October 18-20 | Tucson, AZ

The Research Institution GAP Fund and Accelerator Program Summit

New innovation fund creates avenue for translational research at University of Oregon

Get our GAP Insights Newsletter

Join Upcoming Events

October 18-20, 2023 / Tucson, AZ
The annual summit for research institution gap fund and accelerator programs, including proof of concept programs, startup accelerators, and university venture funds

The Story

The timeline for translating some UO research innovations into new products and businesses is about to get shorter thanks to a new seed grant program announced by the Office of the Vice President for Research and Innovation.

The VPRI Innovation Fund will provide grants of $25,000 to $75,000 to qualifying UO faculty members to cover the direct cost of “translational” research projects. Translational research involves transforming fundamental research into more commercially viable products and services.

“To further ignite innovation at the UO, we are launching this program that will provide funding to support proof-of-concept work on commercializing discoveries stemming from UO research,” Conover said, in announcing the program during his Oct. 15 state of research address.

Successful translational research efforts can give rise to companies such as NemaMetrix, a UO spinoff that grew out of research in the laboratory of Shawn Lockery, a professor in the Department of Biology. Lockery was one of the first recipients of translational research funding from the Office of the Vice President for Research and Innovation.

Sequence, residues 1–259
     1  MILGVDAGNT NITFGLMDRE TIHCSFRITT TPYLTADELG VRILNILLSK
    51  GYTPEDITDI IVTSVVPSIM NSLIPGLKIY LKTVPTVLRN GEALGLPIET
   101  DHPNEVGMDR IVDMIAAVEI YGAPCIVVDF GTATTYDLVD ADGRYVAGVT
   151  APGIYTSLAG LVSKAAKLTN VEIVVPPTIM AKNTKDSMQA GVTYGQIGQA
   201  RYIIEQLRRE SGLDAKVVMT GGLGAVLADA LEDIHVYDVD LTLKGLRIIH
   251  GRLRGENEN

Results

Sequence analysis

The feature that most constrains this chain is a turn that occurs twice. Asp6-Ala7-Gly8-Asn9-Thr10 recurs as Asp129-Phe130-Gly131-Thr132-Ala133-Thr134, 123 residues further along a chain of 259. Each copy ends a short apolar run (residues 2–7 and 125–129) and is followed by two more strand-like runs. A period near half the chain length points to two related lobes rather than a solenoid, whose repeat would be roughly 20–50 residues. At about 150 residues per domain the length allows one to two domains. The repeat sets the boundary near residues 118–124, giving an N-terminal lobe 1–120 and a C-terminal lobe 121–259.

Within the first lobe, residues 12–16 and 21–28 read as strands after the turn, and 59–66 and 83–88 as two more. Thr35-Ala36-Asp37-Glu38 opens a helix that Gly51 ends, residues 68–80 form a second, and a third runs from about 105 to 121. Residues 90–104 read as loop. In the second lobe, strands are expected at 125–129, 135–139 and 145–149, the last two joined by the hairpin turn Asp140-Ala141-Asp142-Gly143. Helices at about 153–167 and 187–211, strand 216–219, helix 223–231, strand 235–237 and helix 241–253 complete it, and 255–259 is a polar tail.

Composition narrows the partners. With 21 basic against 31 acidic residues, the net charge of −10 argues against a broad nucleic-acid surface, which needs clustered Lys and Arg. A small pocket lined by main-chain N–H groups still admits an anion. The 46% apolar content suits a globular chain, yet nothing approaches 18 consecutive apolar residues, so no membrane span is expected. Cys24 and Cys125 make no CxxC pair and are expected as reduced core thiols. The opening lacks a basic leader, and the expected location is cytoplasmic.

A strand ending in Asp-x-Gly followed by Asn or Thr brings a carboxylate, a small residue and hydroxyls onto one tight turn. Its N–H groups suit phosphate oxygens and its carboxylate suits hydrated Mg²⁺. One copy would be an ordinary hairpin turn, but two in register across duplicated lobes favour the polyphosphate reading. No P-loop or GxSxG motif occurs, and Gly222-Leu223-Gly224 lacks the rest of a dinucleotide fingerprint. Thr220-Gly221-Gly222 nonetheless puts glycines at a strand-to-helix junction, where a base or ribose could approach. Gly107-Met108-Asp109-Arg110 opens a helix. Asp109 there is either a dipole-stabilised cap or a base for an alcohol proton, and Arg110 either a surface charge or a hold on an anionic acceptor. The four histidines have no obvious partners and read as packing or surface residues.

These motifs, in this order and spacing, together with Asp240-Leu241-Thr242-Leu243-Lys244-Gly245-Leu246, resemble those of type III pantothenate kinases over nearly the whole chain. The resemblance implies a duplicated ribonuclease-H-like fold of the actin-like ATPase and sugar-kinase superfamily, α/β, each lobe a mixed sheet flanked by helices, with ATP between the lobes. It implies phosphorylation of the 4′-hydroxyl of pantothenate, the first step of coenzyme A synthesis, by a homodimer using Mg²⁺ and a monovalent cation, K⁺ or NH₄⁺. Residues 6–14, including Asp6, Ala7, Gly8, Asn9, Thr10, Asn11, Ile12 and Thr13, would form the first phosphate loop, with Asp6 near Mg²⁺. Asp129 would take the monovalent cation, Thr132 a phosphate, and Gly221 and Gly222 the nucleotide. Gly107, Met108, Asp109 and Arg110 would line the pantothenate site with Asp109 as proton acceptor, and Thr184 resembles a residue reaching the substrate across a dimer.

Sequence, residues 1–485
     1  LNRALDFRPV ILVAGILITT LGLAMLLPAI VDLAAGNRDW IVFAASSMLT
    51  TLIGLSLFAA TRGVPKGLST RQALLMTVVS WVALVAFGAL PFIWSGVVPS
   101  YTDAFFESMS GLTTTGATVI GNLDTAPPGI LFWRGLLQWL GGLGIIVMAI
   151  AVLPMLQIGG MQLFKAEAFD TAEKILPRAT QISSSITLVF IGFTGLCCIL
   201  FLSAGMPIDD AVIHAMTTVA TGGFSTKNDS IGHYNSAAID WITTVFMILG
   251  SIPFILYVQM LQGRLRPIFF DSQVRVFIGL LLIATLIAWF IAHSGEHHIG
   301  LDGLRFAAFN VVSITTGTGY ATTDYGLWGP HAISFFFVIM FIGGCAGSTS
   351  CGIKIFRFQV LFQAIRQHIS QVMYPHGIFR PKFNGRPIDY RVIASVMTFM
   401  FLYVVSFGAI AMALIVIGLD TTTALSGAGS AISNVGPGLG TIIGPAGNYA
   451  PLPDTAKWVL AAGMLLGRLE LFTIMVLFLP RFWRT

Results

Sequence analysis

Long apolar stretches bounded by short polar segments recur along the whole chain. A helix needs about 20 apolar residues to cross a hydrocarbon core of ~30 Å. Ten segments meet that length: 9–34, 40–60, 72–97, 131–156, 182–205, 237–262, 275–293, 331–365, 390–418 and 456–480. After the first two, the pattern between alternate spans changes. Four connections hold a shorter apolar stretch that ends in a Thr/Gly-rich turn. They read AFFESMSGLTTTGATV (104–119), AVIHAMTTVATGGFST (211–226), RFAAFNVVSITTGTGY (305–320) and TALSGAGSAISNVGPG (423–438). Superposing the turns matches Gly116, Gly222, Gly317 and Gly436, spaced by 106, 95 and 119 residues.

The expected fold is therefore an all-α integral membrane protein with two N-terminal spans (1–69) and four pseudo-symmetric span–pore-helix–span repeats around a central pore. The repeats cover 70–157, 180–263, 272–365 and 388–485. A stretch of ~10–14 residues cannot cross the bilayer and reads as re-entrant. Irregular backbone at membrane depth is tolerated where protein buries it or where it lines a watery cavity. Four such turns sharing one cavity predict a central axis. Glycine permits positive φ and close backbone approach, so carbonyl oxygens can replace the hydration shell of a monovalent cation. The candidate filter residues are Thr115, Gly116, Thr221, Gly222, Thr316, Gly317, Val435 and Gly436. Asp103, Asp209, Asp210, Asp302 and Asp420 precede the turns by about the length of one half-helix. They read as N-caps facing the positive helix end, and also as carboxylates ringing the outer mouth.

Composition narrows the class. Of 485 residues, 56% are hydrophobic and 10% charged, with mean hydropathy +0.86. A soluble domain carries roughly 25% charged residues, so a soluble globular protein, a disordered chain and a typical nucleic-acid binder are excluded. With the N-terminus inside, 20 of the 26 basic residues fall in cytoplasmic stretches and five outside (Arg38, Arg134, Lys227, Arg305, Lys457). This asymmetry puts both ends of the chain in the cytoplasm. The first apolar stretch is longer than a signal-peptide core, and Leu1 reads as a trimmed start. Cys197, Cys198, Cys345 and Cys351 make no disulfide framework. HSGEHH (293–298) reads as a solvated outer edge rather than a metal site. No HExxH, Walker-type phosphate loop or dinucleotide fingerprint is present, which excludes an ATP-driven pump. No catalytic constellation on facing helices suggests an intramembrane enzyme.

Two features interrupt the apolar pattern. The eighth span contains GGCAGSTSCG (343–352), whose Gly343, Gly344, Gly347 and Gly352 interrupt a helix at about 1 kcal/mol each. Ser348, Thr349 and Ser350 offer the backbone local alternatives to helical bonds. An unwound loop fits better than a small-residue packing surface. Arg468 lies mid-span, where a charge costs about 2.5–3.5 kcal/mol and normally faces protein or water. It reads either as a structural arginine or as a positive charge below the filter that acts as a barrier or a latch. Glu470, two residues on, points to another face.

The company’s ScreenChip System is based on Lockery’s original “worm chip” device and can be used for screening drugs and developing new disease therapeutics.

“Translational research is often difficult to fund because it falls in the gap between research funded by federal agencies and the more product-oriented goals of commercial entities,” said Chuck Williams, the UO’s associate vice president for innovation. “This program helps our faculty to bridge that gap, making it more likely that we can bring promising discoveries to market.”

Potential projects could include everything from an app that helps reduce suicide risks to a sensor that reduces agricultural pollution to an intervention that helps struggling students read, but all applications will be considered, Williams said. Awardees of VPRI Innovation Fund grants are expected to pursue additional funding, and Williams said the program provides a portal to external funding sources such as industry and state and federal grants for small business research innovation and small business technology transfers.

Applications for the fund are open on a rolling basis to all faculty researchers with pre-existing disclosures to the UO’s Innovation Partnership Services unit or those that are under project management agreements. Innovation Partnership Services works with UO faculty members, the public and industry to accelerate the adoption of innovations derived from UO research and education. To apply or to learn more about eligibility for the VPRI fund, download the program instructions or contact Innovation Partnership Services. 

The VPRI Innovation Fund is supported by the Innovation Partnership Services unit, along with donations to the Office of the Vice President for Research and Innovation and funds from the UO’s University Venture Development II Fund.


Source: New innovation fund creates avenue for translational research | Around the O

Get the Report

More GAP News